Low-Cost Optical Locating System

June 24, 2003 – Precision Systems, a startup based in Tel Aviv, Israel, has introduced a new real-time locating system (RTLS), dubbed iLocate, which combines RF and optical technologies. The company claims that its solution is more accurate and costs far less than conventional locating systems.

“In designing the iLocate system, we were looking to answer an unfulfilled need in the market for a highly accurate, cost-effective positioning system,” says company founder and CEO Michael Braiman.

Precision’s Braiman

Most locating systems use active (battery-powered) RFID tags that transmit a unique serial number at regular intervals. The tags typically have a range of a 100 to 300 feet. When two receivers pick up a signal from the same tag, software can pinpoint the location of the tag to within about 10 feet.

iLocate uses cameras, instead of RF signals. The cameras have a longer range — up to half a mile outdoors — which obviates the need for having many readers placed around the area where items are being tracked. The tags can be programmed to flash at regular intervals, or when an event occurs. For example, the tag can be equipped with an accelerometer that triggers it to flash when the item is moved.

So let’s say you are tagging gas canisters in a storage area. Tag 123 on container X is programmed to flash in the fifth second of every third minute. The tag communicates with receivers via a 433 MHz RF signal to synch up the timing. When the tag flashes, the cameras take a photo. Then system identifies the tag by its time slot (if it was the fifth second of the third minute, it must be tag 123), and software is used to analyze the video image and provide the location of the item to within one foot.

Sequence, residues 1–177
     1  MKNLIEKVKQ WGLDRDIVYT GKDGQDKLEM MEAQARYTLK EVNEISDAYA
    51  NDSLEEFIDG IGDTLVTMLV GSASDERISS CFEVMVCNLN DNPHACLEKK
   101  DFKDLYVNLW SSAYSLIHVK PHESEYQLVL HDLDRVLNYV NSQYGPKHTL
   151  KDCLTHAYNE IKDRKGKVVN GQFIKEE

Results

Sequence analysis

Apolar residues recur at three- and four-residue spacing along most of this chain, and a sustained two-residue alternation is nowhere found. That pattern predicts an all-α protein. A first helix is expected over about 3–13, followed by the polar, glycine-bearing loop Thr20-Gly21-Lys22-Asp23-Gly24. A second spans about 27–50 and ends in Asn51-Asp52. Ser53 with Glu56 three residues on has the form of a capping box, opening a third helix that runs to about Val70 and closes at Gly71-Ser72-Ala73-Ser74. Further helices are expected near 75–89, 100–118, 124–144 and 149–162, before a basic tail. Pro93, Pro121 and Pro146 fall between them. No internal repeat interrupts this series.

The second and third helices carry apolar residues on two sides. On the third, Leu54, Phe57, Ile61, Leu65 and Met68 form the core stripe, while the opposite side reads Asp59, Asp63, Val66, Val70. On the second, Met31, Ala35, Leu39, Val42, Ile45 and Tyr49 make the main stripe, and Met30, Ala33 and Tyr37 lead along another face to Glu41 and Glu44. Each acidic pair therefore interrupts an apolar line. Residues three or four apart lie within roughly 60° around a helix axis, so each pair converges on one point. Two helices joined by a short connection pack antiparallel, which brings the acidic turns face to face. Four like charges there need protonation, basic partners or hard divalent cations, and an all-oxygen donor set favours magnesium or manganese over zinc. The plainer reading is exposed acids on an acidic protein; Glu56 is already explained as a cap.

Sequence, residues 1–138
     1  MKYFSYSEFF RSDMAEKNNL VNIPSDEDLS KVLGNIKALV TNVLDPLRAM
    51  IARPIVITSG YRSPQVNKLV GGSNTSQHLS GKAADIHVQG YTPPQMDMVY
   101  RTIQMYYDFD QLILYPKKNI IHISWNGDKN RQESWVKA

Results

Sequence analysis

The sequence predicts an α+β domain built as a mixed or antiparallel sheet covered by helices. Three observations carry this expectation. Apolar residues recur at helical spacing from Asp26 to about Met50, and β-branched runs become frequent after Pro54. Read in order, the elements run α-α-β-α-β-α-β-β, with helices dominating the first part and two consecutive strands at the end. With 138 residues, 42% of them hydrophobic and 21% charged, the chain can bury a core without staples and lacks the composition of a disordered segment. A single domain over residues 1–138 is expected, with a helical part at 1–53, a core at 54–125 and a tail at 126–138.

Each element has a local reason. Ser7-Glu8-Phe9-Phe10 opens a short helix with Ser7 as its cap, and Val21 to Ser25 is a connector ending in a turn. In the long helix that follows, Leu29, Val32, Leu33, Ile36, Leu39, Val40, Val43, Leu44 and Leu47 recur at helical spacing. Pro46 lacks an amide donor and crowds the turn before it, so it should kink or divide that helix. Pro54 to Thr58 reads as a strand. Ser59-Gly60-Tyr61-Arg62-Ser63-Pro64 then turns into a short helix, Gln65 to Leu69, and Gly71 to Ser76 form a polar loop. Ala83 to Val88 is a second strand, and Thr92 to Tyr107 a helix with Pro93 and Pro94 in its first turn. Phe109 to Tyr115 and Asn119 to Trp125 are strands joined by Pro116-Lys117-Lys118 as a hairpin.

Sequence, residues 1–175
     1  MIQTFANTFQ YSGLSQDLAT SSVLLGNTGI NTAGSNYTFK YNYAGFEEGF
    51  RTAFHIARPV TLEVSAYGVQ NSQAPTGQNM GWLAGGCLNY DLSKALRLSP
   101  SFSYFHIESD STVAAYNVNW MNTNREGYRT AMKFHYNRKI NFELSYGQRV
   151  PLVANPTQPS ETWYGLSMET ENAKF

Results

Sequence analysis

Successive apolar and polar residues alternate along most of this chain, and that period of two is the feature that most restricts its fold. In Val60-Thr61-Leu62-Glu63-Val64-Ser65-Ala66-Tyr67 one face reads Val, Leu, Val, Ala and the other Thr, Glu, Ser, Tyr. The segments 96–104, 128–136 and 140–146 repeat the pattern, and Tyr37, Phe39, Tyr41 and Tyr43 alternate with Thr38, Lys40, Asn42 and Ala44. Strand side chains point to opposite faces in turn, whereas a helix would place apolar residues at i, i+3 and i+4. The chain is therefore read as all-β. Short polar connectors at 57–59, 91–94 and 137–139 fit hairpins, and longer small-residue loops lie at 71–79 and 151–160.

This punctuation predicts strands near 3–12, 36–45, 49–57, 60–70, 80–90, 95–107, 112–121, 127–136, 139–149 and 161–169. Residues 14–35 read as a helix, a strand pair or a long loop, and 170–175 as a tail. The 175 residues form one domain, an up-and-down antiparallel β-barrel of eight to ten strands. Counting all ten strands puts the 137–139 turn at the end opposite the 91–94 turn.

When thousands of tags are being used, receivers wake each one up. The tag broadcasts a unique ID and receives in response a time slot assignment from the system. The system identifies the tag by matching its serial number to its time slot. When the tag flashes, the location is pinpointed to within a foot by the software. Since the system doesn’t use radio waves to triangulate on the tag and determine its location, it doesn’t matter if signals bounce off of walls or metal objects.

The tags cost $25 to $50, depending on the functionality needed. Readers are about $150 to $600, which is less expensive than conventional RTLS readers. Precision Systems also says fewer readers are needed, so the cost of deploying its system is far less than conventional RTLS systems.

“With two potential customers, we were able to suggest a solution that would be 20 percent of the cost of quotes they received from other companies,” says, Rom Eizenberg, Precision Systems’ VP of business development. “We are also able to offer most of our customers the ability to extend the iLocate system by using the video infrastructure they may have installed for security, monitoring and so on.”

The first commercial implementation of the iLocate will be made at the Swedish University of Agricultural Sciences’ Department of Agricultural Biosystems and Technology. The system will be installed in SLU’s experimental milk-production barn in Sweden this month, as part of an EU-financed dairy-cow research project.

Eizenberg says Precision Systems will custom design a software application that is based on what the customer wants to track and the functionality needed. The cost of the system depends on the number of cameras, RF readers, and tags, the functionality of the tags (they can be designed to track temperature, for instance) and the complexity of the tracking software.

Precision Systems has set up a sales office in Milan and is looking to work with partners to market the technology in Europe and the US. Eizenberg says that the system is designed to be flexible enough to track assets across many different industries. The next generation of the product will also include non-line of site locating to within 10 feet.

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